I found out about this little food oddity in a sort of roundabout way. I was reading a recap off of Television Without Pity's website for "Top Chef", and there was a little link to the Black Widow Bakery for something called "meat-cake". Basically, it's a ginormous meatloaf recipe split up and shaped into rounds like a layer cake, stacked and "frosted" with mashed potatoes.
Intrigued? Hell, yes - but that was a LOT of meatloaf for just me to eat - I'd be picking at it for a week if I made it for myself! Still, I couldn't let go of the idea, and luckily an opportunity to make this fell into my lap just a few days later. My boss was celebrating his birthday, but this was during Lent, and he swears off sweets of all kinds during that time. Could there have been a more obvious sign that I was meant to make this cake? I think not (of course, if his birthday had fallen on a Friday, I'd have been in deep shit - for some reason I can't imagine making the cake layers out of fish or mac and cheese)!
Basically, I followed this recipe almost exactly as it appeared on Black Widow Bakery's site (I didn't do the glazing that the original author tried, as that clearly didn't work for her). However, I didn't feel like whipping out my pastry bag and piping potatoes around the side, and I'm a lousy artist - if I tried to emulate the steak drawing, I feared it would look more like a part of the female anatomy than anything else. No, instead I chose to decorate the cake with parsley springs, cherry tomatoes, and strips of precooked bacon.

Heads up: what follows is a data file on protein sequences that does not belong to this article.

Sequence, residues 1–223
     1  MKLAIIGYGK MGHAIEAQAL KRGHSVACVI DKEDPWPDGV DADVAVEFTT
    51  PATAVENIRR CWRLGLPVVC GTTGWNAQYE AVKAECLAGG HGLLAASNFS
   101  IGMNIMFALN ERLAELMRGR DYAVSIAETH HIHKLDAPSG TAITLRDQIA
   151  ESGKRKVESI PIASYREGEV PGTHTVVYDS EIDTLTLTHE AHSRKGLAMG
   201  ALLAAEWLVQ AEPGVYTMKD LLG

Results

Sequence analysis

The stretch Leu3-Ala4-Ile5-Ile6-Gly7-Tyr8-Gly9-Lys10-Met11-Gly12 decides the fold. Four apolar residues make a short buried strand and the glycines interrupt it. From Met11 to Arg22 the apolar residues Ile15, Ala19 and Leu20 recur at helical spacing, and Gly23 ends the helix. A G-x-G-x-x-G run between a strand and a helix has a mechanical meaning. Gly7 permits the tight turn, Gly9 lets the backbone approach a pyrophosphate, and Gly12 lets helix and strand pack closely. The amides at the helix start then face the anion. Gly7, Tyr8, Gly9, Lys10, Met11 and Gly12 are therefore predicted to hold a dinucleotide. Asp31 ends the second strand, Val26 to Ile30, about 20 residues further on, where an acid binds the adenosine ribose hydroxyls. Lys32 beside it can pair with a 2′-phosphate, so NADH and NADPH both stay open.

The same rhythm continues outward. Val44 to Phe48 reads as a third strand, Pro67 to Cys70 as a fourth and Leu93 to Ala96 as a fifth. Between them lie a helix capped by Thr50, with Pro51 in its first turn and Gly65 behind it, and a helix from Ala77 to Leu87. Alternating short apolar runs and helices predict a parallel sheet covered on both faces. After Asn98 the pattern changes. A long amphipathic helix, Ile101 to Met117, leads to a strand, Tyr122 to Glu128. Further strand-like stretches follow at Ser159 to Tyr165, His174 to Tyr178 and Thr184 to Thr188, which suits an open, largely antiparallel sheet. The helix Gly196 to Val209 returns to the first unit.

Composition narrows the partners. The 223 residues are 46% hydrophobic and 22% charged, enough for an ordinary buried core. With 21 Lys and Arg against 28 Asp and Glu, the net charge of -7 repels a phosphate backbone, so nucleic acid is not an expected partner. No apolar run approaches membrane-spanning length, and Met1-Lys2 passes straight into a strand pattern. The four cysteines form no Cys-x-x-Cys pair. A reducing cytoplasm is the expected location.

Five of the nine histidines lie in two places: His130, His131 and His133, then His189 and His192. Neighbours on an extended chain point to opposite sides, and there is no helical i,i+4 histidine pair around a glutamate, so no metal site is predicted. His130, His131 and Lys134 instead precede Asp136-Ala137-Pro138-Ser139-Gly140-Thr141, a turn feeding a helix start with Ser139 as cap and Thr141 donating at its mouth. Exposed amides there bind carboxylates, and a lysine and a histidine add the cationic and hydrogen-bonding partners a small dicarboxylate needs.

It really wasn't hard to make - actually, the worst part of it was "kneading" the six pounds of beef by hand. The beef was ice-cold, and since there was so much of it that needed to have the eggs, seasonings, and spices mixed in that my hand alternated between being numb and aching badly from the cold. But, once it was mixed, portioned, and popped into the oven, it was smooth sailing all the way. When it came out of the oven, I grabbed up my trusty serrated knife (Xmas gift from my old friend Banana), and trimmed off a bit of the top and sides to make all the layers uniform.
Verdict? Pretty damn tasty. Just the right amount of salt in it for me (although I like my meat to be on the salty side), although the "cake" portion was kind of dry for me. But, I suppose that's necessary - if I made it moister by using less bread crumbs, I'd run the risk of the cake being too juicy or too soft for me to stack it or even remove it from the pie pan without it falling apart. C'est la vie and all that jazz. Most of the people I work with who saw the cake cut themselves a slice, and they all seemed to like it. That actually brings to mind the one negative with this cake - it's quite heavy and quite hard to cut, so make sure your knife that you use to cut this is pretty damn sharp before you make this. There were leftovers, but the garlic and oregano in the cake really imparted a nice flavor to the meat overnight, so the leftovers were still pretty damn tasty for lunch the next day.
Definitely something I'd make again for a special occasion. Next time, I think I might go for a more Italian-type flavor. I made a sort of stuffed meatloaf a while ago that was made with red wine added to the ground beef, and the meat surrounded a center of mozzarella cheese, mushrooms, and spinach, and I thought it was absolutely delicious. I'm thinking that instead of the ketchup-brown sugar filling, I could use spaghetti sauce and some chopped fresh tomatoes, or maybe stack some slices of mozzarella cheese and fresh spinach leaves between meat layers, and decorate the cake with cherry tomatoes, mushrooms, red onion slices... I'm not sure how I'm going to go about "frosting" the cake - maybe use garlic-flavored mashed potatoes and grate some fresh Parmesean and press it into the top and sides of the cake. Well, I guess that's an experiment for another day.